The Philippines in Contemporary Mexican Poetry: Presence and Omission

Ignacio Ballester Pardo

Published Date: Feb 28, 2022


In 1606, Antonio de Morga published Sucesos de las Islas Filipinas, appearing to establish a point of contact, which endures in the still-overlooked but undeniably extant relationship of the Philippines with contemporary Mexican Spanish-language poetry. Although minimal, certain Philippine ties have been observed in recent decades in Mexico, the country with the greatest number of Spanish speakers in the world. Unlike Cuba or Puerto Rico, the Philippines has been forgotten by Hispanic culture in a tradition that continues in the twenty-first century. Despite this uprooting from, which might be observed in a first a preliminary study that other researchers may want to undertake (still underexplored and in fact practically non-existent in the critical panorama), such Mexico- Philippines relationships continue settling in the Mexican poetry insomuch as they mark meeting points that explain globalization and the search for identity that also exists in lyricism. In this work, which traces Mexican literature, the presence of the Philippines in Tomás Calvillo Unna’s 1995 poetry collection Filipinas, textos cercanos (2010) is analyzed using an ecocritical approach to recoveries from pre-Columbian Mexico and colonial New Spain. In addition to investigating which poets have been influenced by the Philippine tradition, this text delves into historical and geographical relationships, especially as the basis of the Manila Galleon trade. The issue of violence, also present in texts examined here, will refer to colonization and to neocolonial practices still rooted in this exchange. This article also discusses issues surrounding the Western canon and the knowledge or ignorance that Hispanophone societies and academia have regarding Philippine Studies.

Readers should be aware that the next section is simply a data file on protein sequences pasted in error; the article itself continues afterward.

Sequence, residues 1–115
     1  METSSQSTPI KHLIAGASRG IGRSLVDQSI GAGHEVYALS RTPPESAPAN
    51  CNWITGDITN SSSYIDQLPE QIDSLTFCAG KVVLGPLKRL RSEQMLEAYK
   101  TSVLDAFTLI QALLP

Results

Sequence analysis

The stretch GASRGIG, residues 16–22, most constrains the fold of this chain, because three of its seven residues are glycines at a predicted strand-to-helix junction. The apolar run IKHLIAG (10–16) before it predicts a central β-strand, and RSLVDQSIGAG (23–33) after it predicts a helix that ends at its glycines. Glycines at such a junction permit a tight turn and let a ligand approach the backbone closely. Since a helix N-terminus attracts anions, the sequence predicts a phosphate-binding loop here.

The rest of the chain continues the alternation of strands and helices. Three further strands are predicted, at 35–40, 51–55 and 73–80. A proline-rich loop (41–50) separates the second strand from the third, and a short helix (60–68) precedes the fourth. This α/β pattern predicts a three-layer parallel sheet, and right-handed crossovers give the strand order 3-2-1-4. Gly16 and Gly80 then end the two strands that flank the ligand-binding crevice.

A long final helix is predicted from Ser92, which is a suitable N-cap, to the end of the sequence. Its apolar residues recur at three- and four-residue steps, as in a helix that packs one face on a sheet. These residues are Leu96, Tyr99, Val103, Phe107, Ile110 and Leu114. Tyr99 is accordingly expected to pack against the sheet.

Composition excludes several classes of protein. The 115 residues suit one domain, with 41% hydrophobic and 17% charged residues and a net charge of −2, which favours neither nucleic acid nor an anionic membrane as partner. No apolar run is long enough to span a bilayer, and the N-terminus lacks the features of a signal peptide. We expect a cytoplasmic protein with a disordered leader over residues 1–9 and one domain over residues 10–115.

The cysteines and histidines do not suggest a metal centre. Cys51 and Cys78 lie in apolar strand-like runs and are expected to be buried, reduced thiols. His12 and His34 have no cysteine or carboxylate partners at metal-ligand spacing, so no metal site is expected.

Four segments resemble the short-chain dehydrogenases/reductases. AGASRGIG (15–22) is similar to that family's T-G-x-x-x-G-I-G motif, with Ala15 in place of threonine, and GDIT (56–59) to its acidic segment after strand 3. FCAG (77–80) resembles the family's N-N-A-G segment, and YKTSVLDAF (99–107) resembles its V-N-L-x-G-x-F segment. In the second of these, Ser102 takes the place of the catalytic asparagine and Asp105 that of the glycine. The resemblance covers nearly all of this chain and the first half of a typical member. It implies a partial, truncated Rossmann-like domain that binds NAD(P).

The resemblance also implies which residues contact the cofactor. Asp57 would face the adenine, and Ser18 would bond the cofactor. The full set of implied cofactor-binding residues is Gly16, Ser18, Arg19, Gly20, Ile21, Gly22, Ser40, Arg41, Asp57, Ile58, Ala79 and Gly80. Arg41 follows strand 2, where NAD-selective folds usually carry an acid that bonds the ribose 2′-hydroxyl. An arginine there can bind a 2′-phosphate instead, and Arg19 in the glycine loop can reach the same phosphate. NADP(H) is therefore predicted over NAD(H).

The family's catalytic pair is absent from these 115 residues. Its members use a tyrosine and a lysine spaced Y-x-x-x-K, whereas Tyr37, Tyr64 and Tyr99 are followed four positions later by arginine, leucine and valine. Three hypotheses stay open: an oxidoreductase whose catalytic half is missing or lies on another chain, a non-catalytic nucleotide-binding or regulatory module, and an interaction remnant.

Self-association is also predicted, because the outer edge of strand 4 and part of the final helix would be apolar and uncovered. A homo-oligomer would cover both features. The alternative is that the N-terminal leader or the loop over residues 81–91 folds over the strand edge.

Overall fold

genealogy, identity construction, displacement, diplomatic relations, autobiography

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Kritika Kultura
Department of English
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Ateneo de Manila University

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Katholieke Universiteit te Leuven (Belgium)

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Yale University (US)

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Yale NUS College (Singapore)

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University of Washington (US)

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University of the Philippines

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Philippines Studies Center (US)

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Barnard College (US)
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Columbia University (US)

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Trinity College Dublin (Ireland)